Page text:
In search of the best possible education, Americans already spend more than $5 billion a year on private tutoring. Now, with tutoring options included in the federal No Child Left Behind (NCLB) education reform, the area is sure to become more of a growth enterprise than ever.
The U.S. Department of Education (DoEd) estimates NCLB will pump an additional $1 billion per year into public funding for tutoring. Many education consumers consider tutoring essential to filling in intellectual gaps left by modern schooling. A Newsweek poll in 1999 showed 42 percent of adults are convinced a “great need” exists for children to receive private tutoring outside school.
Encouragement for tutoring is part of NCLB’s emphasis on giving a greater range of options to families of children stuck in chronically failing federally subsidized schools. After a public school has failed for two straight years to make adequate progress toward meeting the state’s standards, low-income families are supposed to be offered the choice of a better-performing public school and a free ride to it. However, public schools so far are providing little real choice. (See related article, “Schools Serve NCLB Choice in Tiny Portions,” page 1).
With a third year of failure, NCLB requires that school districts let parents use up to $1,000 of their Title I subsidy to purchase “supplemental services,”such as private tutoring. School officials must furnish parents a list of providers who have a “demonstrated record of effectiveness,” according to DoEd guidelines. This opening to private help could become the first genuine school choice directly aided by federal funds.
New Book May Help
Families in search of a reliable tutor may want to obtain a new book by Dr. Edward E. Gordon, Tutor Quest: Finding Effective Education for Children and Adults ($10.95; Phi Delta Kappa Educational Foundation; Bloomington, Indiana; 2002). Gordon is president of the Chicago-based Imperial Consulting Corporation, whose tutoring division—launched by Gordon in 1968—was the first such service to be accredited in the United States by the North Central Association of Colleges and Schools.
Tutor Quest provides detailed information for education consumers seeking to find the best tutor for their needs. Gordon analyzes 10 different types of tutoring programs found in most communities. Volunteer nonprofit tutors do about 30 percent of the tutoring in the U.S. each year. Teachers or groups of teachers do another 30 percent, while 34 percent of tutoring comes in the form of university clinics, workforce programs, and peer tutoring, where children teach other children. Franchised tutoring centers handle from 3 to 6 percent of students tutored each year.
Prices for professional tutoring range from $20 to $75 per hour for private home tutoring to $40 to $60 per hour for services at a tutoring center. Gordon provides a checklist of questions to ask a prospective tutor, and a rating scale to use after the questions have been answered. This valuable guide also contains a National Tutoring Resource Directory with program descriptions for both fee-based and volunteer programs. There also is information about the fast-emerging field of cyber-tutoring on the Internet.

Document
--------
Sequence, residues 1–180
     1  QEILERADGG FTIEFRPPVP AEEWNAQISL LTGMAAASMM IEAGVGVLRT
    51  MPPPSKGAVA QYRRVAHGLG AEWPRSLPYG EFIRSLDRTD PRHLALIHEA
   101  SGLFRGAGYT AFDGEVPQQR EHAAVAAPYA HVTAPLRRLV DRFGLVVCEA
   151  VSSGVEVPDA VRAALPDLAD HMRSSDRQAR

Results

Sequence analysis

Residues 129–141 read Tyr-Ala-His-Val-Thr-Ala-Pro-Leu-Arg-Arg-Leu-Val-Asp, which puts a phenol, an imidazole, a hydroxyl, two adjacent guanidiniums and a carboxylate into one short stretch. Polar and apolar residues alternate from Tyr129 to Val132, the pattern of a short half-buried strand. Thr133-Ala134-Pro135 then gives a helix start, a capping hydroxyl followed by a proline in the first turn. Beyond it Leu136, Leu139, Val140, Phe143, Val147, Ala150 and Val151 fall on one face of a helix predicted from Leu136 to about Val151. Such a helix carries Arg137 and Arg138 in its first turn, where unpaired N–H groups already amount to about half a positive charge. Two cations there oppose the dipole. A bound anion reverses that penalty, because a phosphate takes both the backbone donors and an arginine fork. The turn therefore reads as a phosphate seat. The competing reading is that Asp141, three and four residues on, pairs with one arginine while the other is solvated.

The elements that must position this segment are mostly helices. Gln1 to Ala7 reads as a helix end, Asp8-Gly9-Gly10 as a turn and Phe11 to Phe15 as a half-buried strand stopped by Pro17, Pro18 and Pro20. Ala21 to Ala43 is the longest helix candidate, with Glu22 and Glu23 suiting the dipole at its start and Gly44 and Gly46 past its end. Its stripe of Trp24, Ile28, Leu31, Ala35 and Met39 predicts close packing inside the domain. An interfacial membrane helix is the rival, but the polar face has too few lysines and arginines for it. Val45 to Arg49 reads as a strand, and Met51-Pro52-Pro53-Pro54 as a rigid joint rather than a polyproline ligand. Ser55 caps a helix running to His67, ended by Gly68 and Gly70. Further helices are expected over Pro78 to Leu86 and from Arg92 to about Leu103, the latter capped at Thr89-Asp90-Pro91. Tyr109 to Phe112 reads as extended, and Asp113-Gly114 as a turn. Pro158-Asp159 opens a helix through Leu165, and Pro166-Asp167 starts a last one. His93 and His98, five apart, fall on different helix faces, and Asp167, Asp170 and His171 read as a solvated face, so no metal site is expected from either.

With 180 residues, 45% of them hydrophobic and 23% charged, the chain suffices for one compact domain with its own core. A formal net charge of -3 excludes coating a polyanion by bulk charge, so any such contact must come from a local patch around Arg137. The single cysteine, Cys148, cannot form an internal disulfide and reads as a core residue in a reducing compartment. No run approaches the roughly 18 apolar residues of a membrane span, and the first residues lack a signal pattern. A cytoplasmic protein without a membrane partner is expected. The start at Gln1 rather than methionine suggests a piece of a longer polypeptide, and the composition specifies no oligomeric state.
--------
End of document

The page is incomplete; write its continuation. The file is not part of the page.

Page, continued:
Gordon offers case studies compiled from his 30 years’ experience with tutoring. Among the most interesting are his observations on helping children with learning disabilities, specifically those diagnosed with “attention deficit hyperactivity disorder” (ADHD). Gordon’s experience leads him to believe a majority of ADHD children have a “combination of various learning disabilities that have been either incorrectly diagnosed or improperly treated.” He has found that a carefully sequenced tutoring program—i.e., visual or auditory training followed by remedial reading followed by individual/family counseling—often results in symptoms of hyperactivity fading away and the child becoming a successful classroom learner.
As tutoring becomes a key element in empowering parents to choose the best educational opportunities for their children, the practical advice of practitioners like Ed Gordon is sure to be widely sought.
Robert Holland is a senior fellow at the Lexington Institute, a public policy think tank in Arlington, Virginia. His email address is [email protected].
For more information
A state-by-state listing of tutoring services that are members of the Association for Education Providers and Practitioners is posted at the Association’s Web site at http://www.aepp.org/marketplace/results.cfm?type=6.
Further information on Edward E. Gordon’s book, Tutor Quest: Finding Effective Education for Children and Adults, is available at http://www.tutorquest.info. The book is also available through Amazon.com at http://www.amazon.com/exec/obidos/ASIN/0873678400/theheartlandinst.